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By Gail Collins and Bret Stephens
Ms. Collins and Mr. Stephens are opinion columnists. They converse every week.
Gail Collins: Welcome back from your trip to Greenland, Bret. Dying to hear your impressions. Was it beautiful? Was it … melting?
Bret Stephens: Greenland is a bit like a James Joyce novel: formidable and largely impenetrable. And the ice is definitely melting up there — which I’ll get to in the long feature I’m writing about the trip.
Gail: Been looking forward to that since you left.
Bret: But we’ve missed so much since our last conversation! The Joe Biden comeback. The Mar-a-Lago blowback. The Liz Cheney takedown. Where should we start?
Gail: Let’s begin with Biden. I’ll admit that the Inflation Reduction Act was perhaps not the perfect name for his bill, but what a moment for his presidency! First time the country’s ever taken a big, serious step toward combating global warming. And for once, I can imagine future generations looking back on what we’ve done and cheering.
Bret: I agree that the bill is misnamed. It probably would have been better called the West Virginia Special Perks Act, after all the goodies Joe Manchin stuffed into it for his home state, or the Elon Musk Additional Enrichment Act, given all the tax rebates for buying electric vehicles. On top of that, I doubt that history will look back on the legislation as some kind of turning point in addressing climate change, given that China emits more than twice the carbon dioxide that the United States does.
But Biden — or maybe I should say Chuck Schumer — has certainly rallied his party and given it a sense of accomplishment before the midterms. On the other hand, there’s the raid on Mar-a-Lago, which struck me as really, really ill-advised. Tell me I’m wrong.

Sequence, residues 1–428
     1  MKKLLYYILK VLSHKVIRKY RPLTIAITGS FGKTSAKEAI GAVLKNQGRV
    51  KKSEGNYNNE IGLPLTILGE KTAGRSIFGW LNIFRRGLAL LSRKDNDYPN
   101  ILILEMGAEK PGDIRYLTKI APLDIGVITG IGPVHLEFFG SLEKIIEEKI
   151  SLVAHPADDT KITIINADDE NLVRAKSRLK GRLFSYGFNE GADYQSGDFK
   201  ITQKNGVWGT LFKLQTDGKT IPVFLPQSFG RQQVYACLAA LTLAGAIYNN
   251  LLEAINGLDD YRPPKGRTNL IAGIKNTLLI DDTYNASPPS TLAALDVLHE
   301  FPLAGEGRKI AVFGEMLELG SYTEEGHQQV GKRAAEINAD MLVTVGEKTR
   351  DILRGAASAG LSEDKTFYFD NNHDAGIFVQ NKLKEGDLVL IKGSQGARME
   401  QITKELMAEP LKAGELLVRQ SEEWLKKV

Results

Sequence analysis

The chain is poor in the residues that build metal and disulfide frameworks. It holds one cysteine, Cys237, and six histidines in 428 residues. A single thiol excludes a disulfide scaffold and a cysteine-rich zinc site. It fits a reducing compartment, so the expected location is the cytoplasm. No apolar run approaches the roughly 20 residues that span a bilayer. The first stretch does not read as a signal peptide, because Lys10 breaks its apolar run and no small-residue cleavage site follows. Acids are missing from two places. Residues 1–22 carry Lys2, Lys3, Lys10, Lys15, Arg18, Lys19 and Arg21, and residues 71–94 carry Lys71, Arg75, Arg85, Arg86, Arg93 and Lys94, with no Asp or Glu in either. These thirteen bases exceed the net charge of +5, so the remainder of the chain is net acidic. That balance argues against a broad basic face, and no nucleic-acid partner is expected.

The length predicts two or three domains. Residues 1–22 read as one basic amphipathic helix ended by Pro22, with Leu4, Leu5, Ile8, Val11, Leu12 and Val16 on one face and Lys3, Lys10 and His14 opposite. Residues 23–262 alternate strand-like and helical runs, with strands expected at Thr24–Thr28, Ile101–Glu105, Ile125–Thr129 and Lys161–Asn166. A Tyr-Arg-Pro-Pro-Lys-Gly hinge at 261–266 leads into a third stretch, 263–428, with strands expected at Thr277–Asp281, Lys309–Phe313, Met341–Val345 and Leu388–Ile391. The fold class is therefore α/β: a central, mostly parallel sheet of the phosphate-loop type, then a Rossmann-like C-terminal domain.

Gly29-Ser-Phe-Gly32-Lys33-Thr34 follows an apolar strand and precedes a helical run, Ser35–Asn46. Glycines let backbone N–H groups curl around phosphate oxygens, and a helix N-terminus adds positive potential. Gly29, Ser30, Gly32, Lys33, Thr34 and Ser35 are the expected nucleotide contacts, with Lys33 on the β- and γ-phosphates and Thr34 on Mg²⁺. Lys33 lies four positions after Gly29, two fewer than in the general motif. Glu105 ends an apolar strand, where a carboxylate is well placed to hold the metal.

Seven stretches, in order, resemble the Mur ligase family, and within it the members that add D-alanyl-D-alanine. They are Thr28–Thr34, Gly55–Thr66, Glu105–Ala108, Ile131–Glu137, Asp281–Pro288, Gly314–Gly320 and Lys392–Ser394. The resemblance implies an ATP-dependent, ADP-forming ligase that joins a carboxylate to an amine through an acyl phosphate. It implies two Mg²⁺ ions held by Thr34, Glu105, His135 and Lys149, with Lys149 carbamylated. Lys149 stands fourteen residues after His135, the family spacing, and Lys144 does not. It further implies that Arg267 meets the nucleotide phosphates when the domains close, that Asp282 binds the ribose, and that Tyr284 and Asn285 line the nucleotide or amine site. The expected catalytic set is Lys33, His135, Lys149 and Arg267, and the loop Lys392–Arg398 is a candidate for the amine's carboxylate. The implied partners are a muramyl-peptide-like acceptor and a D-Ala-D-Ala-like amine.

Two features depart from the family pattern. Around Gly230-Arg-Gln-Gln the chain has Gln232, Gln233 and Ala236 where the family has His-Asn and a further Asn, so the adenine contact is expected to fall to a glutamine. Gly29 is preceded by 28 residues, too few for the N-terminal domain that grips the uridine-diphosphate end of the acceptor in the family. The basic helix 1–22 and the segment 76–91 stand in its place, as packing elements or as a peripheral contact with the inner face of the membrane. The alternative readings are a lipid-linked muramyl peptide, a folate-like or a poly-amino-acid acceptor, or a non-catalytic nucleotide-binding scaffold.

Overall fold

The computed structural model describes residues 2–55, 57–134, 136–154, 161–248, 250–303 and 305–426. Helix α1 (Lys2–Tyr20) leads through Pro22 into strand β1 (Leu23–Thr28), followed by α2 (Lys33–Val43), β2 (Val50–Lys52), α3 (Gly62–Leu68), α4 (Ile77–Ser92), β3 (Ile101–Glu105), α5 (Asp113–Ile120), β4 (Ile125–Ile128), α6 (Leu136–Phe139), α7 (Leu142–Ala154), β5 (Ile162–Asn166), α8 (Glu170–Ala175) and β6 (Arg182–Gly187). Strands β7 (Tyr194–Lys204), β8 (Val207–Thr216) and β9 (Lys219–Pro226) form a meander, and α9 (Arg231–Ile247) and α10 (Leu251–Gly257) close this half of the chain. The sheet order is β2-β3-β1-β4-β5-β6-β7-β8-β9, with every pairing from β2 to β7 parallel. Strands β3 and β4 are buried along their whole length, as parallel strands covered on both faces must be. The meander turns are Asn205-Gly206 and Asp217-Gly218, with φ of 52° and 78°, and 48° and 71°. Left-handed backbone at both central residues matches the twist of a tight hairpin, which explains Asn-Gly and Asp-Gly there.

Gail: Well, I sorta hated that it created so many headlines during a week when Biden should have been getting all the attention for his accomplishments. And I know Donald Trump is getting a lot of sympathy from his fans. But, hey, if he’s been sitting on top of secret documents, possibly including some having to do with, um, nuclear weaponry, I want the country to know about it.
Bret: We obviously have to withhold judgment till we know more, but color me skeptical on the claim about nuclear weaponry.
Gail: Understood. But while I am not yet quite prepared to envision our former president somehow selling our secrets to foreign governments, in this case it’s not so totally inconceivable that you wouldn’t want the feds to move quickly.
Bret: Gail, do you remember the line from “Raising Arizona,” when Nicolas Cage says to Holly Hunter, “There’s what’s right and there’s what’s right, and never the twain shall meet”? That seems like a pretty good description of Merrick Garland’s predicament.
Gail: Love it when you do those quotes.
Bret: On one hand, Trump continued to prevaricate and resist repeated requests to return the documents, in flagrant disregard for the rule of law. On the other, as a result of the search he’s consolidated support among Republicans who seemed to be drifting away just a few weeks ago. He’s turned the media spotlight away from Biden and back to himself. He’s created a new field of theories and conspiracies about what the government was really after.
In short, Garland gave Trump precisely what he wanted. And if the Justice Department can’t show that Trump was hiding something truly sensitive or explosive — like, proof that he was in direct personal contact with the Oath Keepers before Jan. 6 — I fear Garland’s going to emerge the loser from this encounter.
Gail: When in doubt, my all-purpose rule in understanding things Trump is to follow the stupendous Maggie Haberman, one of our great White House correspondents. Her analysis covers several possible explanations for the document-piling, all of them based on general stupidity. Maybe he wanted them as extremely high-end mementos. Maybe it’s his habit of hoarding papers. Or just his cosmic view of the world, that “everything he touches belongs to him,” as a lawyer Maggie talked to put it.
Bret: With Trump, the line between the shambolic and the sinister is often blurred. His entire being is like Inspector Clouseau doing an impression of Jack Nicholson in “The Shining,” or maybe vice versa.
Gail: But whatever the motive, we can’t allow him to set this kind of precedent for handling presidential documents.
Bret: I’m all for returning government documents to their rightful place, but if this helps return Trump to the White House I’d say it’s a bad bargain.
Gail: We’ll see what happens next. Meanwhile, there’s another big political saga underway. Liz Cheney lost her primary, as everybody expected. What’s next for her?
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